First, ALJ’s have come to define a “request for hearing” as including every document involved in an appeal, although nothing in the applicable statutes or regulations says so. In many cases, ALJ appeals now relate to more than one beneficiary (for instance, appeals of probe edit, targeted medical review, or pre payment audits are now consolidated). Providers must take care not to send personal health information of one beneficiary to another.

Secondly, the purpose of the service requirement in 405.1014(b) is to allow a beneficiary to decide whether to participate in the hearing. See ATG Massachusetts, Inc., 2013 WL 9744697 *3 (MAC Oct. 8, 2013) (purpose of requirement “is to afford the other parties an opportunity to make an informed decision whether to participate in further review of an unfavorable QIC determination”). This is the true reason for service – to advise them that a case is pending. When a complaint is served in Federal Court, the plaintiff need not serve at that time every document related to the case. The complaint puts the potentially interested party on notice to participate if they have an interest.

Third, the complete dismissal of an appeal without any substantive hearing is a severe outcome that should be a last resort only. Dismissal deprives a provider of a hearing on the merits. And, especially in cases where the denial is technical in nature (ie, failure to serve all documents), it is an extremely harsh result. The Federal Courts rightly take a dim view when parties are denied a hearing on the merits. To warrant dismissal, there must be a serious, willful, and clear failure to comply. See Betty K Agencies, Ltc. v. M/V Monada, 432 F.3d 1333, 1339 (11th Cir. 2005) (vacating dismissal for technical service error, finding failure to perfect service did not warrant dismissal; noting that dismissal is “a drastic remedy”). ALJ’s should refrain from taking such drastic steps where there is a minor technical violation.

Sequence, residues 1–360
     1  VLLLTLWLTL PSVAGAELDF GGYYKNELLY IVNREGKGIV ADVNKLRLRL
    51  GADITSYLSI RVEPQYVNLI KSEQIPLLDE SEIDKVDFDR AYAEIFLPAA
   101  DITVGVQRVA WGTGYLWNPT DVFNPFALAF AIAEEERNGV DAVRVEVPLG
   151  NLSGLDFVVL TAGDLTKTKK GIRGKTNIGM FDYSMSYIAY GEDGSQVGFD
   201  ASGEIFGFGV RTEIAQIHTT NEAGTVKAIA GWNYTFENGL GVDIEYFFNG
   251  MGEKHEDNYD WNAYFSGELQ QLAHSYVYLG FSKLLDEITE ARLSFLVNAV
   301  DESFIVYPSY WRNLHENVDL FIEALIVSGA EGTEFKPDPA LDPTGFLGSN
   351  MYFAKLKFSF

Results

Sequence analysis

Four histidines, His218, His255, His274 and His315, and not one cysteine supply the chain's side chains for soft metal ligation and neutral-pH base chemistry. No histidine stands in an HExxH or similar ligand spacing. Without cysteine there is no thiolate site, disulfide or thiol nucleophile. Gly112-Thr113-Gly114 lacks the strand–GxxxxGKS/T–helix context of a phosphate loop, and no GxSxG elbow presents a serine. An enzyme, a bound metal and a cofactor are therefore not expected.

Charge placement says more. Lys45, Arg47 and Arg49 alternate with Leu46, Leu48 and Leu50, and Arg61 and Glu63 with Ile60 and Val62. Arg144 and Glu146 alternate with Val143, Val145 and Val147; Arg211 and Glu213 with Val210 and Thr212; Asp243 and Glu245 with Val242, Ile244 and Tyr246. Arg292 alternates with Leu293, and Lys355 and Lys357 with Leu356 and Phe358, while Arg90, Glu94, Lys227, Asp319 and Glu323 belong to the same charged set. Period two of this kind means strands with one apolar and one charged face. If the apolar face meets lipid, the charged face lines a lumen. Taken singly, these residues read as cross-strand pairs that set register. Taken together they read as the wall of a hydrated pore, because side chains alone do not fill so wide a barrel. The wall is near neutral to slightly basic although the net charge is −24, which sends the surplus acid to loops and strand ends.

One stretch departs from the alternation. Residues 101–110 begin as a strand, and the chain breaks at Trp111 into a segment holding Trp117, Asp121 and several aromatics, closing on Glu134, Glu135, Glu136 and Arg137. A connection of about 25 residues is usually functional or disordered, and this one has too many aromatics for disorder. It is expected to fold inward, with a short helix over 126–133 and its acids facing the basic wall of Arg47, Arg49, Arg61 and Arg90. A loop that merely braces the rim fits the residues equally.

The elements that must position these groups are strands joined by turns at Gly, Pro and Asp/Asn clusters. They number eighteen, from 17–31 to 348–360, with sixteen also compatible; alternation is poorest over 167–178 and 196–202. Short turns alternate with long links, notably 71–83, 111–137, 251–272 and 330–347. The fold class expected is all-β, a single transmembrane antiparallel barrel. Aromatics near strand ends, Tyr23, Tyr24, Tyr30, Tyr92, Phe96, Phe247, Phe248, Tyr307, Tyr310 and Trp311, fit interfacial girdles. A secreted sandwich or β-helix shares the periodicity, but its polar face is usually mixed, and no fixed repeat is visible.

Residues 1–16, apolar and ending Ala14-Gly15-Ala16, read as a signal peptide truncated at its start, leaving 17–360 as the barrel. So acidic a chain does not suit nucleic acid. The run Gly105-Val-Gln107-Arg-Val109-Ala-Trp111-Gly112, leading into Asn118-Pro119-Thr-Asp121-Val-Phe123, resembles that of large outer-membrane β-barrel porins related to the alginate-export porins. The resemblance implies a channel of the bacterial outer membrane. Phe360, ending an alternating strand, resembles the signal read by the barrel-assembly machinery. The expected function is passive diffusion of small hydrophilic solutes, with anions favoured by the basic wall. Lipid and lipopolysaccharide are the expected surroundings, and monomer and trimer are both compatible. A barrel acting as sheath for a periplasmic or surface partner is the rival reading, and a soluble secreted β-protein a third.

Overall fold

Even though ALJs should not be dismissing these appeals so regularly, providers need to be cautious with respect to service. Out of an abundance of caution, providers should serve all patient specific documents on that beneficiary. Where exhibits or documents cover multiple patients, the provider should not serve those specific pages or documents.

Providers should also detail in their appeal letters their efforts to serve the beneficiary and give proof. Examples of proof that the appellant had sent the beneficiaries copies of the request for a hearing include: (a) a copy of a signed certified mail receipt or FedEx delivery receipt; or (b) a statement with the name and address of the beneficiary, with documentation showing the date that the copy of the request for a hearing was sent to the beneficiary.

Given the case load pressure on the ALJ system, due to CMS’ refusal to properly fund the system, providers must now take care to ensure compliance with all technical rules. Even though the Federal Courts will work hard to ensure hearings are held on the merits, ALJs with no time are presently taking shortcuts that put providers at risk.